Kate Maheu

New start-ups are seeing this opportunity and stepping up to fill it. A few prominent examples include Him & Hers (providing care visits for middle-aged and older adults), Hinge Health (digital-based solutions for patients with musculoskeletal issues), and Tomorrow Health (an e-commerce platform providing home-based health care solutions).

This is the tip of the iceberg: Digital solutions are quickly and affordably creating a solution targeted to a specific population and testing it out for acceptance. As providers come under increasing pressure, the opportunity for players to fill care gaps across the health sector will only grow, further lowering barriers to entry and making it easier for new players to enter.

Why pharmacists?

Pharmacists have demonstrated that with the right training they’re well suited to plug these gaps. In the U.S., they’ve shown they’re ready and willing to take on increased responsibilities for health care. They are, in addition, the most ubiquitous and accessible health care professionals in many communities, particularly for those in lower-income urban and rural settings with the greatest need for accessible care.

We see the power of this role in Canada, where the local pharmacist can discuss everyday health conditions with customers; appropriately trained pharmacists can even prescribe medications for certain acute conditions, such as allergies and urinary tract infections.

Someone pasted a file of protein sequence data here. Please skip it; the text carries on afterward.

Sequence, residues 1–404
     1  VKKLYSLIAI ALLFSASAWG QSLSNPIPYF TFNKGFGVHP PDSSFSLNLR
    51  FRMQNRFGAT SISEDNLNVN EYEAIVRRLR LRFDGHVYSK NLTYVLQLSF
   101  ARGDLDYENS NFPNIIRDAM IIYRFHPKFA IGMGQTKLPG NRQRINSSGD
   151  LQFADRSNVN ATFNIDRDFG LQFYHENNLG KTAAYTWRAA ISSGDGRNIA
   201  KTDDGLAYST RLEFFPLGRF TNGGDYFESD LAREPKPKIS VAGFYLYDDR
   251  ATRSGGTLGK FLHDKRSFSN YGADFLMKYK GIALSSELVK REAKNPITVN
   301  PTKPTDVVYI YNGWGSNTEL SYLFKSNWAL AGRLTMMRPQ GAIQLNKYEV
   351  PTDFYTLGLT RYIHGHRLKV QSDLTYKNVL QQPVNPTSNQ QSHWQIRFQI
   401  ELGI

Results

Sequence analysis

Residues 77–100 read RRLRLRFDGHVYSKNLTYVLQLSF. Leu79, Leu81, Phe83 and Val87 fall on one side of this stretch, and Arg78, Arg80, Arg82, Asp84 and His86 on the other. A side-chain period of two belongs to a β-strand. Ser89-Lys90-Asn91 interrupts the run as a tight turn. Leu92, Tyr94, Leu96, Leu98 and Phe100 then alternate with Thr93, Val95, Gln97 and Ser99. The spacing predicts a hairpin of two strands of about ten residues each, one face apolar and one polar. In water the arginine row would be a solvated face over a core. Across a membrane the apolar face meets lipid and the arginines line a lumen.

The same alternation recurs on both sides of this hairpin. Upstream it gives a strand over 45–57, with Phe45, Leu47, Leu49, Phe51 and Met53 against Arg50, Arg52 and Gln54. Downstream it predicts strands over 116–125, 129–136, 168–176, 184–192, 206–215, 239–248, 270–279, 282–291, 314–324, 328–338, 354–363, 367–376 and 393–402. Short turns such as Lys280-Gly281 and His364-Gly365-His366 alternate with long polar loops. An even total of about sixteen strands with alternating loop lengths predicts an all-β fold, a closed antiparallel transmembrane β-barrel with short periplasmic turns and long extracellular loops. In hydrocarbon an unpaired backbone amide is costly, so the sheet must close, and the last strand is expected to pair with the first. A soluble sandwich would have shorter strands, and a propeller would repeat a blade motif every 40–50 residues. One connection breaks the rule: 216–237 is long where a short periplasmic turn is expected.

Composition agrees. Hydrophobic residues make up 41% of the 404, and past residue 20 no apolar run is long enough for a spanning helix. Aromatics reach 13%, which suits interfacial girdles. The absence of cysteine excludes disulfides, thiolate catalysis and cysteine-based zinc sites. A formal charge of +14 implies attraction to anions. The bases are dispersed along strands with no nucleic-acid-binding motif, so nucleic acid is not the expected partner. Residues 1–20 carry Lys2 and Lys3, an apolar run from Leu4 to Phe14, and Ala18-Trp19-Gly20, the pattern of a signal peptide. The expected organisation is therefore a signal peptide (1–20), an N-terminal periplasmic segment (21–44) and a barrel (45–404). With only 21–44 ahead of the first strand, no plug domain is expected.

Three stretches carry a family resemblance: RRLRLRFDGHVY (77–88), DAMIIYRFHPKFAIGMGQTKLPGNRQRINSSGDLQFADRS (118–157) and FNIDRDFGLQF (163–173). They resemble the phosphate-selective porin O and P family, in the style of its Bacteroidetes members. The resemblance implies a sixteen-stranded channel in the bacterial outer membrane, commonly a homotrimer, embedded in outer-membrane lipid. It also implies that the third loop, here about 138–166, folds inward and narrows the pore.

Just imagine: Instead of taking time off work for a costly doctor’s visit that simply confirms your seasonal allergies, you could go to the pharmacy around the corner, share your symptoms with the pharmacist on call, and head back to work with prescription in hand — all from a single stopover on your lunch break.

Sarah Scolnic

The value of such an experience could be extrapolated across the health care system, with supercharged pharmacists and a community care team leading the way through the approximately 60,000 points of care in communities across America. This new care model won’t form itself, of course. It will require pharmacist capacity; easy-to-use and accessible digital engagement tools; and advanced technology to accelerate the efficiency of current pharmacy activities. Together, these actions could free up pharmacists (and suitably trained technicians) and prepare them to supercharge their role as part of a local, integrated care team.

Such a community care model, with the pharmacy at the core, would be a cost-effective way to relieve pressure on providers, enabling them to spend more time with patients on the ailments and conditions requiring more extensive evaluation. This model transforms the pharmacy from a medication dispenser into a community resource that conveniently and affordably boosts access to quality care for all.

We are already seeing some examples of pharmacies attempting to elevate their role and focus on care delivery. One way they are doing this is through sharing locations and functions with providers, such as doctors’ offices. Another is by strengthening relationships with customers; at least one start-up, AspenRx, has emerged to facilitate personal connections between pharmacist and patient, with easy-to-use digital work flows.